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DLSPH Implementation Science Trainee Cluster

The implementation science trainee cluster is composed of more than 20 graduate students from across DLSPH divisions and institutes. In small groups with representation of different disciplines within and outside health, the students are working on important global implementation science questions.

Students groups have their work guided by trainee leaders (including post-doctoral fellows) and program facilitators to produce a project research report (review, comparative study or implementation project) in 6-8 months through seminars, culminating in an IS research day at the end of the year.

An equity-focused evaluation of the COVID-19 vaccine rollout plans proposed by six Canadian provinces

Trainees: Vajini Atukorale, Kainat Bashir, Christoffer Dharma, Dane Mauer-Vakil, Mariame Ouedraogo, Mercedes Sobers

Faculty Mentors: Sara Allin, Shaza Fadel, Anushka Ataullahjan

Summary of Group:

Our six-person team of scientists includes PhD and MSc students following either the Health Services Research (IHPME) or Epidemiology (DLSPH) research tracks at the University of Toronto. Our group includes members of multiple ethnicities and lived experiences, with various research interests: implementation science, health equity, vaccines, mental health, maternal and child health and nutrition, and sexual health. Our diverse backgrounds drive our research interests into how various vulnerable groups are prioritized in the national COVID-19 vaccine rollout plan across multiple Canadian provinces.

Our multidisciplinary research team brings a wealth of expertise to the program, including those who already have a strong background in implementation science and knowledge translation. Some members have experience with infectious disease outbreak investigations, along with studying the effective communication of vaccine science and policy. Several members have expertise with community-based, participatory action research, including among marginalized or vulnerable populations. Our group as a whole has strengths in both qualitative and quantitative research methods, social network analysis, predictive modeling, performance measurement, and machine learning.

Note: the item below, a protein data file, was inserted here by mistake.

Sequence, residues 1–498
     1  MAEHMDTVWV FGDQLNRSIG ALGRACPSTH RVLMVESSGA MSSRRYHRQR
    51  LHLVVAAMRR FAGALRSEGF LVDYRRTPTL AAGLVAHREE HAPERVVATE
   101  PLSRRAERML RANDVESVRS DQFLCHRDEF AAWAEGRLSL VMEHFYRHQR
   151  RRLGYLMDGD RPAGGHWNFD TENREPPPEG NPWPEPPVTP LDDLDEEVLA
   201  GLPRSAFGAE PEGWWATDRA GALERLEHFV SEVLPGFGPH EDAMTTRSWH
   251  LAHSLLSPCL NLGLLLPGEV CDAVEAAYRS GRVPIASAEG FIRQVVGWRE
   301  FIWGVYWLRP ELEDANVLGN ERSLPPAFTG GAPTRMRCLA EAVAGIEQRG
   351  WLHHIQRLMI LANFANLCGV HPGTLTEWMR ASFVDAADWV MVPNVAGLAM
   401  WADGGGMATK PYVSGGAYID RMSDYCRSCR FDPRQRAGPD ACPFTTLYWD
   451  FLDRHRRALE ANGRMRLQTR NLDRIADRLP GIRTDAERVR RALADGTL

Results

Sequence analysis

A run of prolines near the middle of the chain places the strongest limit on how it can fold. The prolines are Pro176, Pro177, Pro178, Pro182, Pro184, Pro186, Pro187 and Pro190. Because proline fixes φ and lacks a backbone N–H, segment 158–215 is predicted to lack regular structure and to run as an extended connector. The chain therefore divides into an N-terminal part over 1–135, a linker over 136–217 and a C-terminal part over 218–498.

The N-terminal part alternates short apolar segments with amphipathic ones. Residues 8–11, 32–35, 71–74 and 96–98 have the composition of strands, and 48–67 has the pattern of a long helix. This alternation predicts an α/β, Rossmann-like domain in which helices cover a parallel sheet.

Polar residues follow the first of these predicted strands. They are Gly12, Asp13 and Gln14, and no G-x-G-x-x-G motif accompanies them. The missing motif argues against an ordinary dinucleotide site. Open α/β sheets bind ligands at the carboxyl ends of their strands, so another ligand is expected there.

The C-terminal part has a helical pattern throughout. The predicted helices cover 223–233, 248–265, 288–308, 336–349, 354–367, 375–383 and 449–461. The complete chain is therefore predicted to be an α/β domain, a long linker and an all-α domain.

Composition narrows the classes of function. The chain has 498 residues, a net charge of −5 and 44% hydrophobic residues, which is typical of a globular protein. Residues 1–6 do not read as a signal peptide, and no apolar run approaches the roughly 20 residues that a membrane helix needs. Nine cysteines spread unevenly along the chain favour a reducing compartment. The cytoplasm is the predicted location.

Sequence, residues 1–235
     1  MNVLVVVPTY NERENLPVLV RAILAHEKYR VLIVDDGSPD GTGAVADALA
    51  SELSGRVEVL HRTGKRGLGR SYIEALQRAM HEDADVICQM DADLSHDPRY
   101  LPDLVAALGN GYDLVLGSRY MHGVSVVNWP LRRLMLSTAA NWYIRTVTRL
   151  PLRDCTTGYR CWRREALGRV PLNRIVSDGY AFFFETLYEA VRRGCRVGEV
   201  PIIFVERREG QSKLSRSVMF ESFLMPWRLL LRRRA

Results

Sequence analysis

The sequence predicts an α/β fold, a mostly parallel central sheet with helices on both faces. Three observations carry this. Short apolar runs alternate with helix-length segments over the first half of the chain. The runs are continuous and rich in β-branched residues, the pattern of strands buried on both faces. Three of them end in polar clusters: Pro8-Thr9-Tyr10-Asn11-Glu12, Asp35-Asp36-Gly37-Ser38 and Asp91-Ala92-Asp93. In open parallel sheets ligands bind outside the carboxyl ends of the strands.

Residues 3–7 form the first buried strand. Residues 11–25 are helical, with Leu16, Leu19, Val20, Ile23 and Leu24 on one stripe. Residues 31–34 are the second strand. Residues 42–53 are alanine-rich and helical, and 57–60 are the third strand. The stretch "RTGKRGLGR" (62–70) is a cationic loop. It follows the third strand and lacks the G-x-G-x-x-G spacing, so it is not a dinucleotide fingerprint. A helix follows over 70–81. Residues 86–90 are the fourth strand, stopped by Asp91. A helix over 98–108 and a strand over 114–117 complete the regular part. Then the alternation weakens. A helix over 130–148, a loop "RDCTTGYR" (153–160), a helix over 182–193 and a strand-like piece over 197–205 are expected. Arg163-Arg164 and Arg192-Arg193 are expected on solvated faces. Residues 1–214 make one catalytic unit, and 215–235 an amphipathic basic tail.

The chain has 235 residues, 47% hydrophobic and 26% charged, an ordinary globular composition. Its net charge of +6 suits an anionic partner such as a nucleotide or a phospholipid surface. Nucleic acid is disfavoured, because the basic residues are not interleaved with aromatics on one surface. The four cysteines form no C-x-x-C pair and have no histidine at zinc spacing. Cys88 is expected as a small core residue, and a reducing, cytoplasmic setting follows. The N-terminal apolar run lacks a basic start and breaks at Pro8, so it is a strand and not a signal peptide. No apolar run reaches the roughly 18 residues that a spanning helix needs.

As a team, we are very interested in learning more about the approaches and methods to bridge the gaps between research evidence and its effective and sustainable translation into healthcare practice.

Summary of Project:

The most effective way to stop the negative impacts of the COVID-19 pandemic is through widespread vaccine coverage. Ensuring equitable distribution of the COVID-19 vaccines among populations facing higher viral transmission and barriers to vaccine access is also a key component of this effort. Our project aims to explore provincial variability in the prioritization of the COVID-19 vaccine in specific populations across six Canadian provinces (Alberta, British Columbia, Manitoba, Nova Scotia, Ontario, and Quebec). Following guidelines from the National Advisory Committee on Immunization, the populations of interest in this study are essential workers, Indigenous, Black, and South Asian Peoples, individuals with disabilities, and individuals facing homelessness. To address our study objective, we are considering, through an equity lens, the “Reach” dimension of the RE-AIM framework. This modified RE-AIM is used to review provincial vaccine strategies and media articles reporting on vaccine prioritization among our populations. We will subsequently perform key informant interviews to contextualize, validate, and supplement findings from our review.  This study’s results and subsequent recommendations can serve as best practice guidelines for equitable vaccine distribution in Canada and any future emergencies.